Major League Baseball is designating Sunday April 15th as Jackie Robinson Day. It’s 60 years since Robinson played his first game for the Brooklyn Dodgers, representing the beginning of integration in Major League Baseball…whoa, not so fast, buddy! The League wasn’t fully integrated until 1959; in the intervening 12 years Robinson endured epithets, threats, and wads of spit from fans and other players. Betcha can’t guess which team was the last one to integrate…come on, quick, give it a try! I’ll let you know the answer later.
These days Robinson is treated like a real hero, with good reason. Through all the abuse he suffered, he never once retaliated, knowing that to do so would blow the whole thing. The man carried a heavy load on his shoulders: he knew what he was doing, not only for baseball but for all of America.
That’s how important baseball was back then. Since then the game’s lost some of its stature due to the popularity of football and basketball, but back in Robinson’s day it was the quintessential American experience. And what Robinson did had a trickle-down effect that went beyond the world of baseball.
Even if it had only affected baseball fans, Robinson’s contribution was enormous. When I first got into baseball, only seven years ago, I was amazed to learn about the ongoing conversation among fans. Every time I venture out wearing my Yankee visor, I end up talking with someone about whatever’s going on in the field. My son and I went on a baseball tour through Middle America, and for a week talked about nothing else. I can’t tell you a thing about the other 50 people on the tour with us, yet I felt close to them because of the baseball conversation. It transcends race, religion and politics. At the risk of sounding sentimental, baseball talk engenders good feelings and kindness among people (well, except when Yankee fans and BoSox fans meet). When Jackie Robinson stepped onto Ebbets Field 60 years ago he opened up the conversation as well as the diamond.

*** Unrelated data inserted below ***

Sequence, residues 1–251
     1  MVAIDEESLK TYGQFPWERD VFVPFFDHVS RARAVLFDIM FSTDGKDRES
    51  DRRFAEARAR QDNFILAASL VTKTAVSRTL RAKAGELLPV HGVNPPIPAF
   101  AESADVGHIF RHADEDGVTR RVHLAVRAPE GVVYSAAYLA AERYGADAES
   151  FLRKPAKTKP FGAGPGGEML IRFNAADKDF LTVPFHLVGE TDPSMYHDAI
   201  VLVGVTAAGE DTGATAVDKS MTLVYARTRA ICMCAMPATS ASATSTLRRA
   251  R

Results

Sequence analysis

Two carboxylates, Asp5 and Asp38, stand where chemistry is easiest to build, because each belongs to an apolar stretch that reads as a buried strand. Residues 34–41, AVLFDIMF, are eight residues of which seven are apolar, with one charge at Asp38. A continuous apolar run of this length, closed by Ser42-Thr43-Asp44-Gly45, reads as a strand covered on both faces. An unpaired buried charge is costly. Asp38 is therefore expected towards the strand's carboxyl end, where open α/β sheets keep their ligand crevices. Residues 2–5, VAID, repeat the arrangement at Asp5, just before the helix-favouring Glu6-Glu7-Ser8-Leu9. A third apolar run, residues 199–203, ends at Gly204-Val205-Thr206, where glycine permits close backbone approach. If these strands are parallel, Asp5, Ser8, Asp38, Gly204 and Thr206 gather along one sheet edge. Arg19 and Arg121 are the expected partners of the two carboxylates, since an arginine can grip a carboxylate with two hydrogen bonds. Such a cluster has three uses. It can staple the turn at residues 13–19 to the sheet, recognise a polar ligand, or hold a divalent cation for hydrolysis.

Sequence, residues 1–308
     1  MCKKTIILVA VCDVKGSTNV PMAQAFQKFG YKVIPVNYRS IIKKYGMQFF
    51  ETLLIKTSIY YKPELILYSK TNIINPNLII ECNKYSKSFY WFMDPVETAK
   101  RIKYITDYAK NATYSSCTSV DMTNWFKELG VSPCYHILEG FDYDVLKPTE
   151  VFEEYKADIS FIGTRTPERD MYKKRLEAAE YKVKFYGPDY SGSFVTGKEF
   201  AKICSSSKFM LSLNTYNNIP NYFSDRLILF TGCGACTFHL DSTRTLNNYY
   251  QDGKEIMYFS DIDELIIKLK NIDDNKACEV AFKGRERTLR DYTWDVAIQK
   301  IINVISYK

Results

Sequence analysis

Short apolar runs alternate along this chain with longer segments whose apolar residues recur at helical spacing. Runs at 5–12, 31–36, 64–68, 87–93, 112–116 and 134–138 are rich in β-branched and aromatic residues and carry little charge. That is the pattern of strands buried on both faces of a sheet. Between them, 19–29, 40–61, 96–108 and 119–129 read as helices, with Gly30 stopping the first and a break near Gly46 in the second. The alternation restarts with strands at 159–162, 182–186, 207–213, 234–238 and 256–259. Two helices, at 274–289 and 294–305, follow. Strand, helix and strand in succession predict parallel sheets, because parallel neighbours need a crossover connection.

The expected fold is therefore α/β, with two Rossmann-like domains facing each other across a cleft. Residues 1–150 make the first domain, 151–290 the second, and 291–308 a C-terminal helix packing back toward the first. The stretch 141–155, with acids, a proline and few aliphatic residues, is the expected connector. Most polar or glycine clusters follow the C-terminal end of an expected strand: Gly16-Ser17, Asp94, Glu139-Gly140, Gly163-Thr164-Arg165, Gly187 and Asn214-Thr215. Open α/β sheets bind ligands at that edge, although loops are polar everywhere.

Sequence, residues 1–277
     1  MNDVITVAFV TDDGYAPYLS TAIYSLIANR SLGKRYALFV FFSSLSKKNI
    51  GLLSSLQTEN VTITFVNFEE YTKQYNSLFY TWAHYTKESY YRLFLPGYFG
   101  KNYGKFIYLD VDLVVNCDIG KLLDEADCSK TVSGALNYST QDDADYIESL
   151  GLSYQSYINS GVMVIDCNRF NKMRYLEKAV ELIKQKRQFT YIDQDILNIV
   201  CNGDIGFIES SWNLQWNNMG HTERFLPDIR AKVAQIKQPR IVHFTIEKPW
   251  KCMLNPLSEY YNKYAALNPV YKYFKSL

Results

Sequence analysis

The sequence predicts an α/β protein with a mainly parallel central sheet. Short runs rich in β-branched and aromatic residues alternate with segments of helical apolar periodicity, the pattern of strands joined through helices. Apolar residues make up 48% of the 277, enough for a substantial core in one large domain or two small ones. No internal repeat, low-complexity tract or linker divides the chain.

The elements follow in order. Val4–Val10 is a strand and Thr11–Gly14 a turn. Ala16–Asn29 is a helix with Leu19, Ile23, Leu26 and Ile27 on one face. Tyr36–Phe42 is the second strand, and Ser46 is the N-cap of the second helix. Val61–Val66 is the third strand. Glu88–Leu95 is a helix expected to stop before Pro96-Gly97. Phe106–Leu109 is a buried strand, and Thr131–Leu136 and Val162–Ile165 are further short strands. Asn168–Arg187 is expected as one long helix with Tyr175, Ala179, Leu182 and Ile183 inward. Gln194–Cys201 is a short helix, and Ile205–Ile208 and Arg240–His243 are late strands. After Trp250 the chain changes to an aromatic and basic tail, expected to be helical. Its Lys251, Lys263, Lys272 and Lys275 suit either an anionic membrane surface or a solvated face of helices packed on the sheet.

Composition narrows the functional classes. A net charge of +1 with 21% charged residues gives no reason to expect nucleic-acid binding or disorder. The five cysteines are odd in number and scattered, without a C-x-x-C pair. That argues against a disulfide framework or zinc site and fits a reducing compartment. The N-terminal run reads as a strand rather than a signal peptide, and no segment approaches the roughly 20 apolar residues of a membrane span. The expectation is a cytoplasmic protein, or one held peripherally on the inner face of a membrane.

How ironic then that fewer African-Americans are playing today than ever before. In the year 1975, 27.5 percent of all major league players were black; today that number’s a mere 8.4 percent. What happened?
Bruce Jenkins of the SF Chronicle thinks kids in urban areas today have been influenced by the kind of glamour and celebrity to be found in football and basketball, so they don’t get into the sport or develop baseball skills. Baseball, he notes, is an intellectual sport—in other words, uncool. That might be part of the reason—but I think it has more to do with practical reality: colleges hand out hefty scholarships to football and basketball players, but not for baseball.
Another probable factor is that everyone has a shorter attention span from living in a culture that functions like it’s continually on speed. During football and basketball games someone’s almost always in motion. But in baseball nine innings can go by without a single run scored by either side–and they go right on playing until someone gives the damn ball a good whack. This can go on for three hours or more (the longest game on record went 26 innings). Baseball fanatics will tell you these are the best kinds of games, perfect pitching matchups–but hell, they make me want to tear out my eyebrows, so I can’t imagine a teenage boy sitting still for that in 2007.
With so few African Americans batting and pitching, the league is heavily populated by players from Central and South America. That’s where the scouts go to find the next Mariano Rivera or Pedro Martinez. Which came first, the chicken or the egg? Did the presence of the scouts encourage South American kids to put on baseball mitts, or did the kids attract the scouts because they were already playing well? I don’t know the answer to that—but I do know that scouts can’t be in two places at once, and if they’re down in Venezuela they can’t be in Oakland or the Bronx.
Okay, in honor of Jackie Robinson Day, I’ve decided to issue a special dispensation for Alex Rodriguez, he who I formerly hated, he who wimped out under pressure from New Yorkers, he whose batting average this season is 371, he who is now hitting grand slams and breaking ties for the team. I’ve been shamed into repenting for my previous participation in the New York cruelty fest. Besides, I just found out that A-Rod’s no longer the highest paid player in major league baseball; Jason Giambi is—and he’s not even playing in the field this season, he’s a Designated Hitter! Henceforth I plan to treat A-Rod the same way I treat the rest of the Yankees—with respect and empathy. When it’s earned, anyway.
And now here’s the answer you’ve been waiting for:
Q: Which Major League team was the last one to inegrate?
A: The Boston Red Sox. No comment.